Actually, giving me (educational background in computer programming and media design/advertising) Fashion (I can’t even match my own socks) is like enrolling a penguin in Eagle Flight School. I mean yeah, I’ve got wings, but I’m so much better in the water than in the air.
And actually, it was largely due to my feeling of helplessness in this situation that caused me to figuratively throw my hands up in the air and declare myself “an English teacher no longer.” Consider this a turning point in my life. I will no longer pursue “English teaching” as a viable career choice – from here on out, my computer-related / WordPress /web development / graphic design work will receive the bulk of my energies.
Get Back in the Saddle Again
So, what to do now? Life is changed, motivation has waned, the mountains loom, progress seems doomed (nice rhyme, right?). How do you get back up on that horse that bucked you?
1. Return to your “Why”
Revisit your motivation for wanting to do this thing in the first place. Some horses are not necessary to re-mount – they’ll just hold you back from your primary goals (like my “English teaching as a career choice”).
But there are also some horses that also will stand in the way of you realizing your vision unless you break them (no one who dreams of winning a derby will do so without riding a horse, likewise, no one who dreams of working “non-English” in Korea will do so without Korean).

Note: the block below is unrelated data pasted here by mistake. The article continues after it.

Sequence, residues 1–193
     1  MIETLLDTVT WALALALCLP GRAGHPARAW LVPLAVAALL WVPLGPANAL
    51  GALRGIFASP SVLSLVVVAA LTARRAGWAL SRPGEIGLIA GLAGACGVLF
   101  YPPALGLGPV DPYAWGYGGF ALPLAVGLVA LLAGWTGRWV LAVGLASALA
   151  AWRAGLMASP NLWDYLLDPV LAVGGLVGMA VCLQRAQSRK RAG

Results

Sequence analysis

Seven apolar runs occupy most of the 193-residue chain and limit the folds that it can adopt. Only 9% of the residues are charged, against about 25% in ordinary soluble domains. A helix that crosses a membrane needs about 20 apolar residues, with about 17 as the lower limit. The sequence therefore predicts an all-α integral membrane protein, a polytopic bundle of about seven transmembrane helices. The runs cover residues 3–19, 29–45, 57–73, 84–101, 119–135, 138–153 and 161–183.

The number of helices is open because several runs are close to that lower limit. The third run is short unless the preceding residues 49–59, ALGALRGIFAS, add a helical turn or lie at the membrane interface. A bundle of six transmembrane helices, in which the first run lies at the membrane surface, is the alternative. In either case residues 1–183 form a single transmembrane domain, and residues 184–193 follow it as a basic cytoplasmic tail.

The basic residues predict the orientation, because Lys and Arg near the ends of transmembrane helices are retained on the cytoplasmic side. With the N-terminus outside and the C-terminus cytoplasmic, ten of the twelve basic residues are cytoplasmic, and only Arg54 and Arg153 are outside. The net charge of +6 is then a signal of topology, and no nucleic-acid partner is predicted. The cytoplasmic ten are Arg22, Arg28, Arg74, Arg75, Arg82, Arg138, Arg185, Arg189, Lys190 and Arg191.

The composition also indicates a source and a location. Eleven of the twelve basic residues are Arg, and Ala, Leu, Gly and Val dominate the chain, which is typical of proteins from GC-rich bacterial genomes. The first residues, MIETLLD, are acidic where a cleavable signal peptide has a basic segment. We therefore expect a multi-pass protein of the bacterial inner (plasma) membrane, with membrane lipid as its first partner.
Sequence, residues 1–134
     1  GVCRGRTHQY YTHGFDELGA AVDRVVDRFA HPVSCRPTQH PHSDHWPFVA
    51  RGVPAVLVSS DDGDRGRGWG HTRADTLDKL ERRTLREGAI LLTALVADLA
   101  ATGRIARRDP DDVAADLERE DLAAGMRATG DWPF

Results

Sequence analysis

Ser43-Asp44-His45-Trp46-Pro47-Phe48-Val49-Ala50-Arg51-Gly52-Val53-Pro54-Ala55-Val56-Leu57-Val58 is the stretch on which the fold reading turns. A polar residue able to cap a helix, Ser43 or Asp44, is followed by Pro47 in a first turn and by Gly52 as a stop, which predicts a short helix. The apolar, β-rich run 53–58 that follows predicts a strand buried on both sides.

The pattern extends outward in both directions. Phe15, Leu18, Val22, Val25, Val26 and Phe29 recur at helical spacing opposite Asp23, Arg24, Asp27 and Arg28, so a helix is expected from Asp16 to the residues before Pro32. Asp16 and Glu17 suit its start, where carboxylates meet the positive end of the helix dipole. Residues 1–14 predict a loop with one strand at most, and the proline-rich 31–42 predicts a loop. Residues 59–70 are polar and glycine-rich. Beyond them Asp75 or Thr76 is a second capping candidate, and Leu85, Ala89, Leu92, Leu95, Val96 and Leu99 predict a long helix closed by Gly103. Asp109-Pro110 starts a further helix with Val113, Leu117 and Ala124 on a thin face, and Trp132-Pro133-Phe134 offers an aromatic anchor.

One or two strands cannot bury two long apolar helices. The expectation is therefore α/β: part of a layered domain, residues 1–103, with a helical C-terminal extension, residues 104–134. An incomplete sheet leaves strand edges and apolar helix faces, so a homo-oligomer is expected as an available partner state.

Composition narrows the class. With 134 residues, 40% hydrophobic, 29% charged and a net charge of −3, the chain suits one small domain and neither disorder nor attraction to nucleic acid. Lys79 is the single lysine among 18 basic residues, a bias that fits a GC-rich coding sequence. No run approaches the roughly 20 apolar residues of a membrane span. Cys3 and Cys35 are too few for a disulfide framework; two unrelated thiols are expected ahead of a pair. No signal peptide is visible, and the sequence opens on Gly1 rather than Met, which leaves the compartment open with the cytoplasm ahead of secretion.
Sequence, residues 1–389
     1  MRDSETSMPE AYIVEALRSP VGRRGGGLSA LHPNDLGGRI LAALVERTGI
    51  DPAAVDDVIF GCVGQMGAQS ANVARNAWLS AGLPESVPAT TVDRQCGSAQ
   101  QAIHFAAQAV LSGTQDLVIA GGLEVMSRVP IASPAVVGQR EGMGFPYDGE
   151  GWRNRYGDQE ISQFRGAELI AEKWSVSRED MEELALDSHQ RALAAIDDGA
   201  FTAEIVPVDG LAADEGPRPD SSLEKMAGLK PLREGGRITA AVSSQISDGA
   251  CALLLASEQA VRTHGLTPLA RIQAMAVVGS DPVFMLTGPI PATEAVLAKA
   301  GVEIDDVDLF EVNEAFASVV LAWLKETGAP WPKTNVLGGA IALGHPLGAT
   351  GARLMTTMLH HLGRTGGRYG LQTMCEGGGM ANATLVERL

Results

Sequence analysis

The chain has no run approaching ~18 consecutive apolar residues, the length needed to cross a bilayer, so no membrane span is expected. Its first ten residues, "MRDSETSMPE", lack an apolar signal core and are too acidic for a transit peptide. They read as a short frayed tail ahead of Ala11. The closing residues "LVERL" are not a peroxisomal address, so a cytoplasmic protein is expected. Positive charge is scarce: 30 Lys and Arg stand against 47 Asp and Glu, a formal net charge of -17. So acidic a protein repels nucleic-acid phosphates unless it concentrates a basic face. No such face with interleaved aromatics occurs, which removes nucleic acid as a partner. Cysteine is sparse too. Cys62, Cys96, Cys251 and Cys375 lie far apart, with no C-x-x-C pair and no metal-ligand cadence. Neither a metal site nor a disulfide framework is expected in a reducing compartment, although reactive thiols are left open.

So, WHY do you want to “get back in this saddle again”? Where is your vision leading you?
2. Reflect on your Past, Present, and Future
Reflection has many purposes and will serve you well in this instance:
- Look at your progress. How far have you already come?
- Reflect in gratitude. What are you thankful for that’s come out of this already?
- Reassess your goals. Where are you headed and how do you intend to get there?
3. Stand back up Slowly
I remember when I was in high school one day I was riding my bicycle down a relatively steep hill at about 40 miles/hr (65 km/hr). I looked over my shoulder briefly to be sure no cars were trying to pass me – they weren’t – and this time my sudden motion (which I’d performed 100s of times on the same hill previously) set my front tire shimmying left and right. I lost control of the bike and though I tried to slam on the brakes, it had little effect. I slammed down onto the pavement simultaneously breaking my helmet, my front tire and front fork, and my left shoulder blade in half (not to mention all the road rash that my mother then got to help clean up for the next month – it nearly made her, a medical technician, sick).